Donald Siegel, PhD
Donald Siegel is Foundation Professor of Public Policy and Management and Director of the School of Public Affairs at Arizona State University. Previously, he served as Dean of the School of Business at the University at Albany, SUNY. He received his PhD in Business Economics from Columbia University. He was a Sloan Foundation postdoctoral fellow at the National Bureau of Economic Research. In 2016, he was elected a Fellow of the Academy of Management.
Siegel has published 118 articles and 12 books on university technology transfer and entrepreneurship, the effects of corporate governance on performance, productivity analysis, the economic effects of gambling, and the economics of corporate and environmental social responsibility.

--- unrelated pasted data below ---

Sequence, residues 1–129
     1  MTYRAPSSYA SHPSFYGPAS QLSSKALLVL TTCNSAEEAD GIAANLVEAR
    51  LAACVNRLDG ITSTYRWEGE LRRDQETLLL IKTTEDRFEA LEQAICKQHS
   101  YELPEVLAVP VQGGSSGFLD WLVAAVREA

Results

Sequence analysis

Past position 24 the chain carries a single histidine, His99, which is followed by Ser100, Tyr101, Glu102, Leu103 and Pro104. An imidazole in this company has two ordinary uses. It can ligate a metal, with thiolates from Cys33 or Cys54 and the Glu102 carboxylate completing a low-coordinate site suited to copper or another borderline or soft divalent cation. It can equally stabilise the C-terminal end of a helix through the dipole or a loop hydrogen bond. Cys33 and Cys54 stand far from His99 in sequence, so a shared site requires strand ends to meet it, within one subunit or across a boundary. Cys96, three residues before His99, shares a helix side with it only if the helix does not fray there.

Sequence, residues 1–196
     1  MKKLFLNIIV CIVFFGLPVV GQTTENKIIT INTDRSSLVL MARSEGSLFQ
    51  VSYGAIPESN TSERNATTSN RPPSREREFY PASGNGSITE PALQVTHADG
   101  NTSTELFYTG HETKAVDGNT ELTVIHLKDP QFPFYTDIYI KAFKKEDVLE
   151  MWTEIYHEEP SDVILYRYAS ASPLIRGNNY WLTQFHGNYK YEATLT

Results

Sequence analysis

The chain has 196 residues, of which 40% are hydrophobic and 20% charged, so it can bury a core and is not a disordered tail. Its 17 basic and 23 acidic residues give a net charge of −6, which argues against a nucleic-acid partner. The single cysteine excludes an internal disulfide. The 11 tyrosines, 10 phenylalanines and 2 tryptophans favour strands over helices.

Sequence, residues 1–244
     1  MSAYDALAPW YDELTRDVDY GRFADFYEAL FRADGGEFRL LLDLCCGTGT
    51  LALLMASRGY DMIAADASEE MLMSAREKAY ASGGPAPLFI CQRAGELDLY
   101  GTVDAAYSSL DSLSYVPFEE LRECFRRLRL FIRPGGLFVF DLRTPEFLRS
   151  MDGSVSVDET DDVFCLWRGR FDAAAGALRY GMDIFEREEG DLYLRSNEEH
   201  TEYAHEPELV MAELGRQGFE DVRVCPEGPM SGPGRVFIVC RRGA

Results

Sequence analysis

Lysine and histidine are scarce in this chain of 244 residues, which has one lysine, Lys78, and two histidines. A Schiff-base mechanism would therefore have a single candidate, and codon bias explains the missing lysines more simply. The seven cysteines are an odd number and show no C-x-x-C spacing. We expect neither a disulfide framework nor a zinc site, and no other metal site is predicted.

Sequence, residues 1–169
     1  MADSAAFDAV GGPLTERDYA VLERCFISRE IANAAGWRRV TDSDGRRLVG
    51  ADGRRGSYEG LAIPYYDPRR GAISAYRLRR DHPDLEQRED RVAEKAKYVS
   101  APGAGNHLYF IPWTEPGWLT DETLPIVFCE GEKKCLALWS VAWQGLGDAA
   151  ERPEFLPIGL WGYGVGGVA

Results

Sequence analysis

Siegel’s work has been funded by the Sloan Foundation, NSF, Kauffman Foundation, NBER, American Statistical Association, W.E. Upjohn Institute for Employment Research, and the Department of Labor. He has also served as consultant to the UN, National Research Council, the Department of Justice, the Environmental Protection Agency, Securities Industry Association, and the National Association of Manufacturers, among others. He is an editor of the Journal of Management Studies and the Journal of Technology Transfer.